- About Us
- Local Savings
- Green Editions
- Legal Notices
- Weekly Ads
Vote Inslee for 1st District
Extraordinary times call for extraordinary wisdom and courage.
Both were evident in Rep. Jay Inslees recent vote against giving President Bush the authority to use unilateral military force against Iraq. It was the kind of stand that can define or jeopardize a congressional career, particularly on the eve of an election. But Inslee stood by his principles, and voters should reward him with another term representing the 1st District.
When Inslee took office four years ago, the horseshoe-shaped area encompassing parts of Kitsap and north Seattle was volatile political terrain a swing district that attracted big money from both parties, and ongoing scrutiny in national news columns. Its a good measure of the congressmans service and esteem that the district is now considered safe, with constituents satisfied and partisan attention focused elsewhere.
Regionally, Inslee has worked to protect old-growth forests, first by trying to enact a ban on new road-building into law, and more recently in trying to fight off the Bush administrations efforts to weaken existing forest protections.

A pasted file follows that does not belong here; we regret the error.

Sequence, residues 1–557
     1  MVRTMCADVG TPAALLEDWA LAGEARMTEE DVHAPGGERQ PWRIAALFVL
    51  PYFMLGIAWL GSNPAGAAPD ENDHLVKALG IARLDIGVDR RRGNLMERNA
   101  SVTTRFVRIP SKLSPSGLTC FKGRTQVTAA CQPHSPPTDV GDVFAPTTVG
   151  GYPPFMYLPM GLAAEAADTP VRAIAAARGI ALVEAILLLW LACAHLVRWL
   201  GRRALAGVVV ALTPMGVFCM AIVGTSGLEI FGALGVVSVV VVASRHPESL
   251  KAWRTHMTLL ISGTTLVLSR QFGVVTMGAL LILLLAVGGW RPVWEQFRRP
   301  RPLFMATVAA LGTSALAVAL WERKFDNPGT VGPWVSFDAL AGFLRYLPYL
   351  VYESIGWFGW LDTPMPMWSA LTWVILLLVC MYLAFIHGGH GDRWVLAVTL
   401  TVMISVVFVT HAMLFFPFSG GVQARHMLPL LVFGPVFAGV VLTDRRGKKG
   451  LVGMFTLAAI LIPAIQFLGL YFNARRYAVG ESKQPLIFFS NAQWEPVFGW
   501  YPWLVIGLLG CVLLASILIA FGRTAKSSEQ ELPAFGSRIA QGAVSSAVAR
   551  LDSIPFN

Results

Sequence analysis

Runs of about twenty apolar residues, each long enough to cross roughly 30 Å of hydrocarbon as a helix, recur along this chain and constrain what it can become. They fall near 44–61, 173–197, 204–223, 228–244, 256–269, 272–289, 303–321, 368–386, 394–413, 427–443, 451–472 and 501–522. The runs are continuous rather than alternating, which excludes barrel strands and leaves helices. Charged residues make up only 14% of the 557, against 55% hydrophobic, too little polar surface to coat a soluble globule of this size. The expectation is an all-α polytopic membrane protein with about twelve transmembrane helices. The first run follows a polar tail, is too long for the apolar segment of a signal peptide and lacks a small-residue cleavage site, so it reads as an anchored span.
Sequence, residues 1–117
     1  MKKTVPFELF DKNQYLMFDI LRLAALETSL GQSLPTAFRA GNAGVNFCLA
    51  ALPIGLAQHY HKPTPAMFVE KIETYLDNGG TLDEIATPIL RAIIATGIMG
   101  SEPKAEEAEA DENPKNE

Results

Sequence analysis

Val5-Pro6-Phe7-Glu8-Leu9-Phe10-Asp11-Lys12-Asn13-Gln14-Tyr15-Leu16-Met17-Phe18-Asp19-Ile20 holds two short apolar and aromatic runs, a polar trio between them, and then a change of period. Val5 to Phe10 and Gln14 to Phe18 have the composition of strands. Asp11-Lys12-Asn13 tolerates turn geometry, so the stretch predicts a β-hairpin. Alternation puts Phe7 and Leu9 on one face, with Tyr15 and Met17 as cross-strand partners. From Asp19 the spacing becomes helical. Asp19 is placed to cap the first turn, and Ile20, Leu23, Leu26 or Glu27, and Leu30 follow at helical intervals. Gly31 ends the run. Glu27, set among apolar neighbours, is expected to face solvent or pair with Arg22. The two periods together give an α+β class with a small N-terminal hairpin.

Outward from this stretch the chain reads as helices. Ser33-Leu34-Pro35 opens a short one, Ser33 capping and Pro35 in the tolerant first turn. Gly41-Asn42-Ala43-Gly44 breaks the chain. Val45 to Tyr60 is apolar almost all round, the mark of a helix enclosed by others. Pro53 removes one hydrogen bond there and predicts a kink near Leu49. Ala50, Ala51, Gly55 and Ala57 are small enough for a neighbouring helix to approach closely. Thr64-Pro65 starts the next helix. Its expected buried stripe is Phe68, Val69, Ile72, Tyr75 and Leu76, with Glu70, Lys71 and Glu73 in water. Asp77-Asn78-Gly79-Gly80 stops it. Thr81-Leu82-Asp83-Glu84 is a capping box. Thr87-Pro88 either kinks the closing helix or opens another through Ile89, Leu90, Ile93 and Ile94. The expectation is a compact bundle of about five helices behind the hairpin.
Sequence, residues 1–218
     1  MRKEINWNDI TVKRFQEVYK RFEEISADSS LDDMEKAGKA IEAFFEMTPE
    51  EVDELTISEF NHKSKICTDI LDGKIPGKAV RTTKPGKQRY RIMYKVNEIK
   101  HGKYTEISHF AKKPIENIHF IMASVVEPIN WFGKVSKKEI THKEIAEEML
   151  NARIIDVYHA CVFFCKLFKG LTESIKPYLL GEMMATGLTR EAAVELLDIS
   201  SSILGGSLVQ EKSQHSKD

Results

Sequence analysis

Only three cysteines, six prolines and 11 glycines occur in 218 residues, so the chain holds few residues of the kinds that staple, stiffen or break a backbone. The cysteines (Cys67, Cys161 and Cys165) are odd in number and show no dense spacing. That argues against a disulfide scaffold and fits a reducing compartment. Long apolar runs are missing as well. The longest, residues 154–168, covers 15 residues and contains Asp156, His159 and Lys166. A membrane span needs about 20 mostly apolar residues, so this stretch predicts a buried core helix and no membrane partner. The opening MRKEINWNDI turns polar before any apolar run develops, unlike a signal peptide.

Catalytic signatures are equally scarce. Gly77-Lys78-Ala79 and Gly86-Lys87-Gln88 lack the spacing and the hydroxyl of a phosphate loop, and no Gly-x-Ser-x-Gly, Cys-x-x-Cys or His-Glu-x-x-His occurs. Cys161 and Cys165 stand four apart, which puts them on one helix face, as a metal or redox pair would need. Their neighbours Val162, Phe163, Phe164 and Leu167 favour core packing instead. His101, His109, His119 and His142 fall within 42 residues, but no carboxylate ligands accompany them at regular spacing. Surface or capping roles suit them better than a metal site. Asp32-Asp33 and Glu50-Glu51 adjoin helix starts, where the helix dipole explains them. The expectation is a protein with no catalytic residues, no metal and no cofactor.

Closer to home, Inslee has been an effective player in efforts to save the Wyckoff property for public use, possibly under the National Park Service. He has taken up the cause of a Japanese-American internment memorial on the property, moving a bill through Congress to that end.
That thoughtful service would be sufficient to grant Inslee another term. But these are extraordinary times, and sadly, the challenges of the day have caused the nation to spend less time on domestic issues, more on those abroad.
Which brings us to Inslees vote on Iraq.
If that nation truly poses the kind of threat to international security our president claims, the appropriate response is an international one. Inslee wisely favors contributing to a multi-national effort to enforce United Nations disarmament directives, and voted for an amendment to that end. Unilateral action, as the congressman points out, would be turning our back on the whole concept of multi-national peacekeeping, which this nation has long championed.
His vote was courageous, because he bucked not only a
popular president but his own party, whose leaders sided with the administration in the name of national unity.
Unity has a place, and we all support our troops once they are in harms way. But whether to start a war, and why, are questions on which reasonable people can certainly disagree - and if politics has any purpose at all, surely it is to fairly and vigorously debate issues of this magnitude.
Its easy to be swept along by a tide of nationalism or vengeance. But Inslee stood for reason and calm in extraordinary times, and were proud to call him our man in D.C.